I am sure the year ahead will be as busy and exciting as ever. Approach it with confidence. Deal with what you can deal with and stop worrying about the things you have no control over. Try and stay mindful and in the present. Learn from the past and previous experiences and don't worry about what might or might not happen in the future. You can only deal with what is happening now, though you can plan and consider for the future,as this is part of the leader's role. Look after yourself, your staff and all your learners and enjoy the year.


Popular posts from this blog

The Power Within

I sent a tweet the other day which seemed to generate a deal of resonance with some on my PLN. What I said was that meaningful school development can only come from within and cannot be imposed from outside. Now 140 characters on Twitter does have benefits but, as anyone who tweets regularly knows, it also has huge limitations in what you can say. So what I would like to do here is offer some further explanation of what I was trying to convey in my tweet.

For many years well meaning and informed people have increased our understanding and have made constructive suggestions  on how schools can develop and move forward. We also know that there have been lots of other suggestions made by less informed but vocal contributors to this debate! As all in education and schools know, everyone has an opinion or view on what should be going on in our schools. The media loves to feed on all of this and much of it stokes the fires of debate and gives oxygen to some of the wilder suggestions.

As som…

Why we might need more tortoises and fewer hares in education

We have heard Aesop's fable of 'The Tortoise and the Hare.' In this tale with a message, a tortoise challenges an arrogant hare to a race. The hare quickly leaves the tortoise behind. Being so confident,  he decides to have a sleep midway through the race. When the hare wakes, he finds the tortoise, who has kept slowly moving forward, has arrived before him, and has won. A common interpretation of the message of this fable is 'slow and steady wins the race.'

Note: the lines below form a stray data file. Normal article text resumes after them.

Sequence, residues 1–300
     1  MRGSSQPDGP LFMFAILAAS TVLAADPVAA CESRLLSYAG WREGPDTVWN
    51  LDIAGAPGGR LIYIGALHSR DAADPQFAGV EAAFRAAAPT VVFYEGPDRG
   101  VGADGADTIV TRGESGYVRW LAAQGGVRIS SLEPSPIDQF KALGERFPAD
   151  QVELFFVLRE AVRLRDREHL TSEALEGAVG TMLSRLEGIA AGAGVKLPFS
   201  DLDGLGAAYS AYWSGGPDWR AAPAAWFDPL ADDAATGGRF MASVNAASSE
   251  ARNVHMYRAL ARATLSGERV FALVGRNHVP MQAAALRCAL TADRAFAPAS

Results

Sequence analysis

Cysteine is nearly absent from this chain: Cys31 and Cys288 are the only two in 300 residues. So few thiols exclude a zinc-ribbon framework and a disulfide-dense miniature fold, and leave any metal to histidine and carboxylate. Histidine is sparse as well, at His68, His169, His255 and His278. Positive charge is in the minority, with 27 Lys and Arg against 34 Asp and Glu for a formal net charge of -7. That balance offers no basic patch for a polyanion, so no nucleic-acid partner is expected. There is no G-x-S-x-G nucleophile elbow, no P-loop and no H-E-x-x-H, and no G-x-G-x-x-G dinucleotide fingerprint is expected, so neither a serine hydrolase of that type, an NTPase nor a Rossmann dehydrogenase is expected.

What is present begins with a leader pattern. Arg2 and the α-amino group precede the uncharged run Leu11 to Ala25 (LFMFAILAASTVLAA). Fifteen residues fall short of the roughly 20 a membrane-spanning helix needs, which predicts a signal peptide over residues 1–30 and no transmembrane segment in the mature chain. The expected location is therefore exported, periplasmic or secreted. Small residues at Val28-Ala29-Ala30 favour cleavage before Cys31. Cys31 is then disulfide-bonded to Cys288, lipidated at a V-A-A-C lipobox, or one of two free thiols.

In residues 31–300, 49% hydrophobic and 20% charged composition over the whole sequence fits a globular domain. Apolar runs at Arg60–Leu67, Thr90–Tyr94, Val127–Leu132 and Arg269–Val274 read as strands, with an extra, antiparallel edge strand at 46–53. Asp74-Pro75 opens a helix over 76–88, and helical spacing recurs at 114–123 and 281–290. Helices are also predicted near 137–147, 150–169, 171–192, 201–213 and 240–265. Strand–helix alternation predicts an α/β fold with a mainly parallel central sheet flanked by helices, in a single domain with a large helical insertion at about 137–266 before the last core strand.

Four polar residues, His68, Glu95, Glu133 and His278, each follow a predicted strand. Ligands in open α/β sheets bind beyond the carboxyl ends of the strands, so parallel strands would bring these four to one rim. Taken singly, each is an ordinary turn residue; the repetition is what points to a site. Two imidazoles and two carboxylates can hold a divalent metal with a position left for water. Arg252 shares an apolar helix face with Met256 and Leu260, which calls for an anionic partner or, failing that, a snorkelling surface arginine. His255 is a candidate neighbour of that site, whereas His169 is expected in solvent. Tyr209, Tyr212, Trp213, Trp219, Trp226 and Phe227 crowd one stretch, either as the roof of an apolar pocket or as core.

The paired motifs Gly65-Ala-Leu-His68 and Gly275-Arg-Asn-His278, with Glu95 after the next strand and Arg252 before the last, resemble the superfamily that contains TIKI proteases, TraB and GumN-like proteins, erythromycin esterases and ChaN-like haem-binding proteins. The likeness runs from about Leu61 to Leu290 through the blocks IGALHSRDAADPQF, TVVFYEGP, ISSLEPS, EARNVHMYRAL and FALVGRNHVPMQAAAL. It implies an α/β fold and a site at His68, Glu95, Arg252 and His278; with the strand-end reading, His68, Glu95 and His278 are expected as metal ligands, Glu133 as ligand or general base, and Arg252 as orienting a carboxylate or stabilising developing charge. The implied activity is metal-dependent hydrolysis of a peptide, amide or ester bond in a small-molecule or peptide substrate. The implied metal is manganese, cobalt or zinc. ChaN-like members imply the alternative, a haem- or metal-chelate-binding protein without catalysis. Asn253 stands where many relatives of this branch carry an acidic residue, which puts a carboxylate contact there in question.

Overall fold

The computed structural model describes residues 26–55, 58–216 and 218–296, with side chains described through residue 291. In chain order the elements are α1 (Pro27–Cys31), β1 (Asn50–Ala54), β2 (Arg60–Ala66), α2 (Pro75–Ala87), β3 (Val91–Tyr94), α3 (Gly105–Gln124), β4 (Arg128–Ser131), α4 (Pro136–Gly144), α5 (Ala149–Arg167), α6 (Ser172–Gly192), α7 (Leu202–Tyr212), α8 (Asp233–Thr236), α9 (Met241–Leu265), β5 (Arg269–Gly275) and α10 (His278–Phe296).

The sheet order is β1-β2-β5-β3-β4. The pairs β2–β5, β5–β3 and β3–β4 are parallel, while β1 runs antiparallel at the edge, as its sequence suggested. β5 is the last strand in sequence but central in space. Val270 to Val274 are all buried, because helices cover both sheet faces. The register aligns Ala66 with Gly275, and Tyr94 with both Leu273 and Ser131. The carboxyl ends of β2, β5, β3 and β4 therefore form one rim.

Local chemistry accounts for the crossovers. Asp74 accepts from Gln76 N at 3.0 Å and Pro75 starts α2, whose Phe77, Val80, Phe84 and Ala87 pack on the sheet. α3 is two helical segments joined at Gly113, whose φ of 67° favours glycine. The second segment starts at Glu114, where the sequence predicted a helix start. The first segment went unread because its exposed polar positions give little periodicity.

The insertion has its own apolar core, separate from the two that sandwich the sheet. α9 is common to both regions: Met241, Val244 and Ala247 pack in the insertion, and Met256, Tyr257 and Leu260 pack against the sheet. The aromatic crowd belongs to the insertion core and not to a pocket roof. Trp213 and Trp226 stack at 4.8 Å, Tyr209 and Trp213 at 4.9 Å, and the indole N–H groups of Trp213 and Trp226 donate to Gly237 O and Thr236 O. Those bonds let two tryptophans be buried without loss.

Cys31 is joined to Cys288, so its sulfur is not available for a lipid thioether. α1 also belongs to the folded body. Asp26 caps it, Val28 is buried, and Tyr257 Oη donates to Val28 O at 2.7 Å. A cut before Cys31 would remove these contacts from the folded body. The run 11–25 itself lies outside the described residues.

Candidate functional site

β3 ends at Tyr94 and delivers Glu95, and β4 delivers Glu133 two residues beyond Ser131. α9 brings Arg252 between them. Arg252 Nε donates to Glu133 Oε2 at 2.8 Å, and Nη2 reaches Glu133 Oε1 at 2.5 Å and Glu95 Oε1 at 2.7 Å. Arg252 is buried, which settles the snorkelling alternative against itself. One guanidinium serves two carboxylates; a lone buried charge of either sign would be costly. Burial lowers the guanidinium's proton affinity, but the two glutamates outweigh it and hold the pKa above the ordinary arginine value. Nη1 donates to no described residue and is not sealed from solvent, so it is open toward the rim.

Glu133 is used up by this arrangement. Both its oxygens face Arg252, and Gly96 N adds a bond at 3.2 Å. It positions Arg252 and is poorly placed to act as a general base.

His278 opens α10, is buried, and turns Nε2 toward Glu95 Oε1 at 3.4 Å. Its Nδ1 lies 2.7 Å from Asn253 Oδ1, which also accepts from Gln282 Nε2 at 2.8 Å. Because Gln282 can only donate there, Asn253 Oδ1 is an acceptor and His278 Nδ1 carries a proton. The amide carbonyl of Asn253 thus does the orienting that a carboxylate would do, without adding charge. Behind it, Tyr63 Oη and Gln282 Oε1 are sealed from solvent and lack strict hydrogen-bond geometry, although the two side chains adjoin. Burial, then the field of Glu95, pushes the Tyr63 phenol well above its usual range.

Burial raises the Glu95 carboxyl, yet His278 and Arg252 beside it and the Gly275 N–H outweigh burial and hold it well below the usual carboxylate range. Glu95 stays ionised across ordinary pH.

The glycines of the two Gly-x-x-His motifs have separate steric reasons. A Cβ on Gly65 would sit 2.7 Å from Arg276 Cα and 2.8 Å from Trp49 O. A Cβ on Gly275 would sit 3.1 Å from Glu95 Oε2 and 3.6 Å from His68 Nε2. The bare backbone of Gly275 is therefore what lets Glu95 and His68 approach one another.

Thinking of schools and education, I believe we celebrate hares too much, and tortoises not enough. School systems are full of people racing to do lots of things, as quickly as possible. Education is not a race. Education is a relentless process of personal enlightenment, growth and development. There is no end point. In that case, it is through adopting the dispositions and characteristics of the tortoise in Aesop's fable that we are most likely to keep making strong, steady progress. Such a relentless ap…

Improving versus proving

During the first two months of 2019 I have been able to attend a number of professional learning events across Scotland. What has been impressive about these events is, not only the breadth and range of development activity taking place across the system, but also the commitment, professionalism and determination of people to getting better at what they do.

What such events also provide, is the opportunity to develop my own thinking and understanding, through listening to the experiences of others and engage in a dialogue around the issues, experiences and insights of different participants. I believe that professional learning with the greatest impacts, should produce changes in facilitators and leaders, not just the participants.

This week I was facilitating a session on parental engagement, on behalf of Connect the parent/teacher organisation in Scotland. This session was with school leaders, and others who had responsibility for this particular area of school development. What I …